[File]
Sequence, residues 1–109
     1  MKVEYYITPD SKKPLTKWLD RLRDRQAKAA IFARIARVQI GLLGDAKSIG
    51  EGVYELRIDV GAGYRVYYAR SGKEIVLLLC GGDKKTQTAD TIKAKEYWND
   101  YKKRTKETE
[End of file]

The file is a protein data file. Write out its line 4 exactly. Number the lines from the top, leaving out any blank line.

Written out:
   101  YKKRTKETE